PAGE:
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More U.S. Children Living in Poverty, Report Says

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More U.S. Children Living in Poverty, Report Says

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More U.S. Children Living in Poverty, Report Says

More U.S. Children Living in Poverty, Report Says

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  • <iframe src="https://www.npr.org/player/embed/4772784/4772785" width="100%" height="290" frameborder="0" scrolling="no" title="NPR embedded audio player">
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An annual report on child well-being from the Annie E. Casey Foundation finds an increase in the number of children living in poverty in the United States. On an encouraging note, declines were noted in teen births and high-school dropouts.

RENEE MONTAGNE, host:

Time now for business news. Research on America's children finds that they're losing ground in several crucial areas, with growing poverty at the top of the list. NPR's Rachel Jones reports.

RACHEL JONES reporting:

The 2005 Kids Count Data Book finds that five of 10 indicators of child well-being had worsened since last year's report. In recent decades, there had been significant improvements in areas such as child poverty, infant mortality, teen deaths and low birth weight babies. But by 2002, the most recent year for which data are available, there were increases in each of those areas. Growing poverty emerged as the leading threat. The number of children who live with a parent who had not worked in the past 12 months increased from three to four million. Often these so-called hard to employ parents are hampered by issues like domestic violence, depression or prior incarceration. Douglas Nelson is president of the Annie E. Casey Foundation, which produced today's report.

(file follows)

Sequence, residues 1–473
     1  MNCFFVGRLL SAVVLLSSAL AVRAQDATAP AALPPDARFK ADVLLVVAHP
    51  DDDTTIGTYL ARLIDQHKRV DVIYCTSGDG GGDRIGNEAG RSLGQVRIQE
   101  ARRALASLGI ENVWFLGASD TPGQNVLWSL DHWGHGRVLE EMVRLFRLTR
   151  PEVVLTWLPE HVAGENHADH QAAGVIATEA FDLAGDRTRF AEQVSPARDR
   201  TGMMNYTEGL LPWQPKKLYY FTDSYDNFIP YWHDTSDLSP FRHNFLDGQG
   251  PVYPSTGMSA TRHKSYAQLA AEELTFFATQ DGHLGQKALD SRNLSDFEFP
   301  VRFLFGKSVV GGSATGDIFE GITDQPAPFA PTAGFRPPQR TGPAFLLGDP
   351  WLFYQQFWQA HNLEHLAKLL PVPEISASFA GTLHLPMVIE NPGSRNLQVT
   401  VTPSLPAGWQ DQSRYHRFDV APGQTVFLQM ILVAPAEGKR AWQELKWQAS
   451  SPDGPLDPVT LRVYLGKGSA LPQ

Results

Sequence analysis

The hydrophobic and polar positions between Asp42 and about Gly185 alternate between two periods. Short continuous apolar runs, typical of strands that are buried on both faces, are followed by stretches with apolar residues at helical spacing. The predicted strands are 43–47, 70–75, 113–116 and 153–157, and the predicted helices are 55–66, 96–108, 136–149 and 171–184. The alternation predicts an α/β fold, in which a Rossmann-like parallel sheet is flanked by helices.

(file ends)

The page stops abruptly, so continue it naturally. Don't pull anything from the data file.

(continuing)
Mr. DOUGLAS NELSON (Annie E. Casey Foundation): These are the families who are still on the welfare rolls. They are families that are--left the welfare rolls maybe two or three years ago that are coming back. They are families who haven't yet been able to reap the promise of welfare reform, and that is a path to work and to self-sufficiency.

JONES: There was some good news in this year's data. Overall, child death rates continued to fall, as did the high-school dropout rate, and births to teen-agers continued to decline. But Nelson says policy-makers should focus on economic and employment supports for families, because child well-being improves when parents can do a better job of providing for them.

Rachel Jones, NPR News.

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